In our “Re: Connection” blog series, we’re revisiting articles from years past to see what has changed and what remains the same. In 2017, five career coaches shared some of their resolutions for that year. We checked back in with two of them and asked three other Louisiana-based career specialists to share some tips with our readers for 2020.
The job market stays strong in 2020 and the economy remains volatile. As such, there is talk of a “market correction” coming within the next year or so. Currently, there are more open jobs than candidates. 2020 will still be a good time to find a better job, but many employers are seeking levels of expertise that aren’t available in the current talent landscape. More than 50% of the workforce is under the age of 36, so employers seeking depth of experience for senior-level jobs need to account for that disparity. The best way for a job seeker to attain those senior-level jobs is to demonstrate their ability to learn quickly, adapt, and manage complexity during the interview and selection process. As time goes on over the next few years, “learning agility” will emerge as one of the most sought-after competencies for candidates in getting new jobs and getting promoted internally.
I often find that people midway through a career stop and realize that, although they are successful with their work and current job, they have been neglecting their network. Whether you are actively or passively looking for a job, staying connected and top of mind in the market is essential. You don’t want to think about growing your network only when you need it. It’s very important to manage your network online and in person as you cultivate new relationships and retain and strengthen existing ones.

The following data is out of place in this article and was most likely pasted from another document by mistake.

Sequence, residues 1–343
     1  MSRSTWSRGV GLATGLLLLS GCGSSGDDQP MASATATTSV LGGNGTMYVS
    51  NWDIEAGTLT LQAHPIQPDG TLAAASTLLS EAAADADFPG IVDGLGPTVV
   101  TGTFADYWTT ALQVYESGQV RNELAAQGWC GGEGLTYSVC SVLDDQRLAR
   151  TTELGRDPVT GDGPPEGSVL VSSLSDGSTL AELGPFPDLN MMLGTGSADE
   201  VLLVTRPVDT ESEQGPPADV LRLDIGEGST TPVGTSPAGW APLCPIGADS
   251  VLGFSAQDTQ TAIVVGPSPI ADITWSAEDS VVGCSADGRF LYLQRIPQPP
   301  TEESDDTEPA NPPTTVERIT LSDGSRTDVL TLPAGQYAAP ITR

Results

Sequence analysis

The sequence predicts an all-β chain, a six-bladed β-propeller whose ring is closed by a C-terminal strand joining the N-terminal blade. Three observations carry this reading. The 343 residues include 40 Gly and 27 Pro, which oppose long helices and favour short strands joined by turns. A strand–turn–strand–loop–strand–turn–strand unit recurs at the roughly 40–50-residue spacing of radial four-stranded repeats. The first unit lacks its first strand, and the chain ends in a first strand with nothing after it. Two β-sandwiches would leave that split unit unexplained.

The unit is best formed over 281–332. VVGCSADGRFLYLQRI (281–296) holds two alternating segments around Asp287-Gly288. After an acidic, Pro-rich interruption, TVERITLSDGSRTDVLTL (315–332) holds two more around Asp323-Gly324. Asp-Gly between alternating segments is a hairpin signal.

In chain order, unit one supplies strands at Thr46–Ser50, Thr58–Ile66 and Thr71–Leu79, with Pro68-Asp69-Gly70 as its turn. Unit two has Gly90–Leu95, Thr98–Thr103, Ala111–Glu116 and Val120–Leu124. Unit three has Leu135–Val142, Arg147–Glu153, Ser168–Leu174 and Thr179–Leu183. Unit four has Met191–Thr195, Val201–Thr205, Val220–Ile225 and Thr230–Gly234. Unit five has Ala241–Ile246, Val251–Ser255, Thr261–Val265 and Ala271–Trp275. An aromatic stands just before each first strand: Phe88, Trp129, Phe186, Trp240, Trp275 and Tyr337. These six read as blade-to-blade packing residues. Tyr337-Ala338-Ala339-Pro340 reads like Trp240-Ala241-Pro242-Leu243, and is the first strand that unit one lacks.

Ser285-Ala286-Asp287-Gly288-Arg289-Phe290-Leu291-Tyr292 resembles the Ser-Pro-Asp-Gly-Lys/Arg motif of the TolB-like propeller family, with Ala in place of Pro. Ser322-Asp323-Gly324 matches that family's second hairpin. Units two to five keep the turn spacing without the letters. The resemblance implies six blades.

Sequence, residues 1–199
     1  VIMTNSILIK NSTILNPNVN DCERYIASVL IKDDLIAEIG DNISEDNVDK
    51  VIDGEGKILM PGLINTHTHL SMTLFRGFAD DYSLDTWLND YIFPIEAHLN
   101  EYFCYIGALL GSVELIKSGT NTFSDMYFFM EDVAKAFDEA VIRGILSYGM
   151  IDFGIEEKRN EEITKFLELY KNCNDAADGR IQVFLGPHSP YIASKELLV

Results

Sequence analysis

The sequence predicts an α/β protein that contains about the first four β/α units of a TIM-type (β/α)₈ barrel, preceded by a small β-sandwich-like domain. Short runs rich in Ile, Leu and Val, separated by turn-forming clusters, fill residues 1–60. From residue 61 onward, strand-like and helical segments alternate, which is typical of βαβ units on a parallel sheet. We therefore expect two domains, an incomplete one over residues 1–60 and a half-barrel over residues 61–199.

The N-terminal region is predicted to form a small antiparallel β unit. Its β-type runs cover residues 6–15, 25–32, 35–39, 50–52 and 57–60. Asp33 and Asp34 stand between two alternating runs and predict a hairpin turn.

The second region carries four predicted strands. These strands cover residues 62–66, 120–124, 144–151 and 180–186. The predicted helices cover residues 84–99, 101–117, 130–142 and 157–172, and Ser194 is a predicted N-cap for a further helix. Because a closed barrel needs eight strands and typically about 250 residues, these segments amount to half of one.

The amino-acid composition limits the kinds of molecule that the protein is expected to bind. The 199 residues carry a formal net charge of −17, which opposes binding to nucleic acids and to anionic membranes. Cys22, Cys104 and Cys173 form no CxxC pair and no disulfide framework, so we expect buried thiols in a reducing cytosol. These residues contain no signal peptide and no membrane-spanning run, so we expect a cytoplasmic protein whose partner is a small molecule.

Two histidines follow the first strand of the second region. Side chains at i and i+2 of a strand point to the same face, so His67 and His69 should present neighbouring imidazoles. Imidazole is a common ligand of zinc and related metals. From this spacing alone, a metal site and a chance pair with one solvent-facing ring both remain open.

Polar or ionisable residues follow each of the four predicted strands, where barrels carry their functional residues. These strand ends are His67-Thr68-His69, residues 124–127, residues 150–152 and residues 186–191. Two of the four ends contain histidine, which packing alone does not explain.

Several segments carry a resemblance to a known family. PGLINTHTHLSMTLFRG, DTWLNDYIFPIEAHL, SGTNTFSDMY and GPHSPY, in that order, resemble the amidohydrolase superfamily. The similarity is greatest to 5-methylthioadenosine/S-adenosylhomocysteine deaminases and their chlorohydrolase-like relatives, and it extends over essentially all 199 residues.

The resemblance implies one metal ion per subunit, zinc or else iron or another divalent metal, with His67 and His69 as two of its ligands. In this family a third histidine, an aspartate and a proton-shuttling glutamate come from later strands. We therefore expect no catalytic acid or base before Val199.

Start by focusing on LinkedIn, as the business world revolves around this tool. Since connections and potential connections will look at your profile, be sure that it’s not only current, but written with an eye on where you want to go, not where you’ve been. Be thoughtful in reaching out to new contacts and don’t just connect to anyone. Next, think strategically about staying in touch with contacts both online and in person. Make sure to touch base with key colleagues whether via email, a phone call, catching up in person, direct messaging on LinkedIn or liking their content on LinkedIn to stay on their radar. Finally, in-person networking is also important. Find out where people who are beneficial for you to know get together—industry organizations, alumni groups, conferences and events—so you can strategically meet people and build relationships. For these types of groups, it’s important that you don’t show up only when you’re looking for a job. People will notice and that is potentially damaging to your personal brand.
There is incredible freedom and power in being prepared for what can come next at work—whether that’s an internal opportunity for growth or change, or a desire to exit the company for a new opportunity, keeping the tools in your career toolbox sharp allows you to be prepared for new professional adventures.